This week at CiscoLive Orlando, Cisco made two announcements around Enterprise Routing – Open EIGRP and EIGRP OTP. Originally announced at CiscoLive London, EIGRP has been opened to the community as an IETF Informational Draft “Open EIGRP”, Open EIGRP provides vendors with technical information on EIGRP and the accumulation of 20 years of development and enhancements. With the publishing of this IETF Draft, vendors can now integrate EIGRP into their appliances and interop with Cisco.
On Tuesday, Cisco also announced a new innovation in Enterprise Routing; “EIGRP Over the Top” (or simply OTP).
The advantage of EIGRP OTP is partly in its easy of deployment, but also in the simplification of WAN deployments:
Before EIGRP OTP, connecting remote sites back to the Home Office or Data Center meant you had to pass your your networks topology “through” the Service Provider. The solution involved a muddle of multiple routing protocols, redistribution, route filtering, and coordination with your solutions provider.
Enterprise Customers regain control of their networks
In addition to the technical challenges managing the deployment of multiple protocols, the process often involved negotiation with providers on how many routes they would be willing to carry and the burden those routes would place on the service providers network. This required Enterprise customers to allow access by non-employees to manage and configure the edge routers, aka CE’s (Customer Equipment)
With EIGRP OTP, Cisco delivered. Enterprise Customers are able to regain control of their networks, no longer worrying about how many routes they are allowed to carry from site to site, route convergence times, or traffic management over multiple providers.
Service providers can get out of the IGP support business
The deployment is no less complicated for the Service Providers. In addition Service Providers having to train and support routing protocols beyond those of their core needs, carrying Enterprise Routes increases load on BGP, router resources, CE configuration issue, or continuous route flaps within their Enterprise networks can have impact on overall network stability.
Managing these convergence events is further complicated by lack off access to the source of the route flaps. Under extreme situations, the customers connection would have to be severed to protect the MPLS VPN core. No more.
Cisco wanted to simply the existing deployments. The solution should;
- Maintain EIGRP simplicity of operation.
- End to End EIGRP routing protocol – no route redistribution
- Minimal configuration requirements
- Scalable control plane support (hub and spoke)
- Support for both point-to-point, and any-to-any data paths
- Must work for IPv4 and IPv6 day one
- Provide transparent routing across the WAN whether it is a public or private VPN.
- Support encryption across the network.
- Maintain EIGRP routing metrics and establish optimal packet forwarding between Enterprise sites.
Carrier Independent WAN designs -no reliance on Service Provider functionality.
With EIGRP OTP, the Enterprise Network is no longer extended through the provider but instead it passes over the provider – thereby completely eliminating route redistribution and any need for static routes; and all with one single line of configuration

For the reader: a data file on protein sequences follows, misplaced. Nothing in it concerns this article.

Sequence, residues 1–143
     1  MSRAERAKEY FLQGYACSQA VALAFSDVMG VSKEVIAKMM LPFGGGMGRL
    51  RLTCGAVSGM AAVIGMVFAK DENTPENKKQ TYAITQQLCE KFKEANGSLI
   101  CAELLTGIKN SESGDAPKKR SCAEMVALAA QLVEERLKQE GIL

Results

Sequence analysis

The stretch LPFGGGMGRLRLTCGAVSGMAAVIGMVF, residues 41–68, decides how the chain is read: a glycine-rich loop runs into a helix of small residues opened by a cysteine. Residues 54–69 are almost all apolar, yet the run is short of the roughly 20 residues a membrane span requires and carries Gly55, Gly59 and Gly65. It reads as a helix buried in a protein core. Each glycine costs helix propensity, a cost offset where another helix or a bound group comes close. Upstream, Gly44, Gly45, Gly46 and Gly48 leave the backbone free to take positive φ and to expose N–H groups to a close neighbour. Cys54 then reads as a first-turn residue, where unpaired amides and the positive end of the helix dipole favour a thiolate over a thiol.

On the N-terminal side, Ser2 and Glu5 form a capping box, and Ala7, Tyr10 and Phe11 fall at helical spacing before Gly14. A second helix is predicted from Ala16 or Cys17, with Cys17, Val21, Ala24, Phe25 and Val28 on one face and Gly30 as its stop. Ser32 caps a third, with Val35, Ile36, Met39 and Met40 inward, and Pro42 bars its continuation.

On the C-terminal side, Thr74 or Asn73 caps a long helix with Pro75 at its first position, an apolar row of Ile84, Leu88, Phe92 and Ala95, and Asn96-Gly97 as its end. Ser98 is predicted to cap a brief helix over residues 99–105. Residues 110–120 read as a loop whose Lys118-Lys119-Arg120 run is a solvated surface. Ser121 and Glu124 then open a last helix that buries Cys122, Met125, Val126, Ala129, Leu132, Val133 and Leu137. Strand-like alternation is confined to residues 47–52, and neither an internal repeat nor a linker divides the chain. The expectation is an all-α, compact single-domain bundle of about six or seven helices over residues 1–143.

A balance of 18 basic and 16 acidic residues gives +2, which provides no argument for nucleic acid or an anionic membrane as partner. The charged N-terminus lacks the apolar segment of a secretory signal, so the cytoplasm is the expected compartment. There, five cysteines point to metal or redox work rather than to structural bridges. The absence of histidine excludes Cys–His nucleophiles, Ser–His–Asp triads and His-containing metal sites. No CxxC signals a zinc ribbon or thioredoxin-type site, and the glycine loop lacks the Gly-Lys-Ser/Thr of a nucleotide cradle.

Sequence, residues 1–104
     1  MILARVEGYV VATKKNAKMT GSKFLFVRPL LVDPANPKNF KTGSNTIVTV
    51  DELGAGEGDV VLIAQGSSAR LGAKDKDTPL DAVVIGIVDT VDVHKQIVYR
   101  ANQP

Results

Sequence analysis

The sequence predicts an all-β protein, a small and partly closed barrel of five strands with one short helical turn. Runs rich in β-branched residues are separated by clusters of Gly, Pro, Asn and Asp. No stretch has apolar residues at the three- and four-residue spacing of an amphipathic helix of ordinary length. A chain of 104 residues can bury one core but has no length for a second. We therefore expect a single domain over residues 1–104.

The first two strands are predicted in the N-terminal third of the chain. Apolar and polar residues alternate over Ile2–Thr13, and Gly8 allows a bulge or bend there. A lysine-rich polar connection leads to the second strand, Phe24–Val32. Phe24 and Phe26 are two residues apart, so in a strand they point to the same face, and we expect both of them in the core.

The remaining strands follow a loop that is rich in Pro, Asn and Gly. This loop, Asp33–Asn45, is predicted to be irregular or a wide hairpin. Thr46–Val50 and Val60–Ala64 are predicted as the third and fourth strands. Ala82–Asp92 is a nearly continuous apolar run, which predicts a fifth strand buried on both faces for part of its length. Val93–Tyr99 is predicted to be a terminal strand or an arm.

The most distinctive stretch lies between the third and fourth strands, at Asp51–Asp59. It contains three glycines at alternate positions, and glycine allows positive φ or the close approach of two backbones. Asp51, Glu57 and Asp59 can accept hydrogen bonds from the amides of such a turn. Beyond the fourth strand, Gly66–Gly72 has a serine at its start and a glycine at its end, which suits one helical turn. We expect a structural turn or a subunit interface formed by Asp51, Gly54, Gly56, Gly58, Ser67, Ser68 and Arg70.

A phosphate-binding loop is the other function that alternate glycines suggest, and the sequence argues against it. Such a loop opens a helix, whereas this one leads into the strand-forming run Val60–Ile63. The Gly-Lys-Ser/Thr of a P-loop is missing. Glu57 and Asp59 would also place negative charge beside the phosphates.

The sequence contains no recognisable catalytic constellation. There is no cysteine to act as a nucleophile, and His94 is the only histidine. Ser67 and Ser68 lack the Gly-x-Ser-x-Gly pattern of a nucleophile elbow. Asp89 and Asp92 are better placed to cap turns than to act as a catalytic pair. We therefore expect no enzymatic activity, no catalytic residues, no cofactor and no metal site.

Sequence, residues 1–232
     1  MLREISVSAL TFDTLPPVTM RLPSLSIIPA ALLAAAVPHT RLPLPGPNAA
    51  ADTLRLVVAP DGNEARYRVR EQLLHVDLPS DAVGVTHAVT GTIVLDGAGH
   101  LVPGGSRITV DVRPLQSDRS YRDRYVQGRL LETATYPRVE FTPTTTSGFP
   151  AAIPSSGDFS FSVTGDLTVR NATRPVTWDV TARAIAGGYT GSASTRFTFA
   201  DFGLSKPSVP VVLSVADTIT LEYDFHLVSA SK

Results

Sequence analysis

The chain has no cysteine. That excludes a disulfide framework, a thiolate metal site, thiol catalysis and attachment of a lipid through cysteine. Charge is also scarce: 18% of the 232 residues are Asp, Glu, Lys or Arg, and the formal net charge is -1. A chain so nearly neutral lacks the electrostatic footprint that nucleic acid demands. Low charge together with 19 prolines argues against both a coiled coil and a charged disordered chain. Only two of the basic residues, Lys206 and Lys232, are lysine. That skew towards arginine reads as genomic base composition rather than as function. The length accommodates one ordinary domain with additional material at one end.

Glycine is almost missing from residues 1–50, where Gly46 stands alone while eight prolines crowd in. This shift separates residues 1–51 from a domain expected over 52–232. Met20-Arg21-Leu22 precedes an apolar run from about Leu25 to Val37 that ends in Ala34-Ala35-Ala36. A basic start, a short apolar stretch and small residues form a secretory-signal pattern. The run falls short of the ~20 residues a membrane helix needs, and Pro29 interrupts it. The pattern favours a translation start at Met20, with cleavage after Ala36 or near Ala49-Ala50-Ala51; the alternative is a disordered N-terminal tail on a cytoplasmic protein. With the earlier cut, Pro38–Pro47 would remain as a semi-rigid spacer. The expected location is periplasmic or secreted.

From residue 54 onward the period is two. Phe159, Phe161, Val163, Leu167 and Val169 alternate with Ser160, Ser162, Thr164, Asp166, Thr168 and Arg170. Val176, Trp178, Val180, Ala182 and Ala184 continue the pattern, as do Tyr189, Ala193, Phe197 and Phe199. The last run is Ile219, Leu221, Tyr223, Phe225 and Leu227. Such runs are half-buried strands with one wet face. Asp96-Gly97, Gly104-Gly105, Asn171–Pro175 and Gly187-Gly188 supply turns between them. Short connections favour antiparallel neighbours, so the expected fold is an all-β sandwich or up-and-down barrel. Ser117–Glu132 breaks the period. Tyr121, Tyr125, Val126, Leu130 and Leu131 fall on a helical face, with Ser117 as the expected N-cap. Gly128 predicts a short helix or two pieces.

neighbor <peer address> <interface> remote <max hops> lisp-encap
At the core of the solution (no pun intended), EIGRP forms peers using normal IPv4/IPv6 unicast packets. To the provider the packets a no different than normal data moving from site to site.
Once peers are formed, EIGRP is able to directly exchange routes between sites. As the route updates are sent as unicast IPv4/IPv6 data directly between the EIGRP neighbors with NO requirement to configure route redistribution. Once full site to site routing knowledge is obtained, EIGRP enables LISP data encapsulation on the external, or Provider facing interface. As EIGRP is managing the control plane, LISP support from the Provider is not required, as its only used for data encapsulation. The overlay network created using EIGRP OTP, enables the customer to perform a trace route from a Spoke to a Hub location and experience end-to-end visibility.
Traffic leaving one Enterprise site heading to another site is encapsulated with the external interfaces IPv4/IPv6 addresses used as the source and destination. As the IPv4/IPv6 addresses are provided by the Service Provider, the data can flow from site to site using the Providers most efficient data path for traffic to arrive at its destination.
The uptake on this feature was amazing, and had intimidate customer demand. As one customer put it; “I did not think anything in routing would amaze me, but this is amazing” EIGRP OTP is shipping now for IOS XE (ASR1K Platform) and November for Classic IOS (3K/4K/6K platforms. Additional information about EIGRP and EIGRP Over-the-Top (OTP), can be found at http://www.cisco.com/go/eigrp.
Follow Donnie on Twitter at: http://www.twitter.com/diivious
http://www.cisco.com/go/eigrp: Enhanced Interior Gateway Routing Protocol (EIGRP)
Read the IETF Draft: Enhanced Interior Gateway Routing Protocol
Cisco Tech Talk Series: EIGRP Routing Innovations
Packet Pushers Podcast: Listen to show 144 “Open EIGRP With Russ White + Cisco’s Donnie Savage” (Podcast 42:29)
BRKRST-2336 – EIGRP Deployment in Modern Networks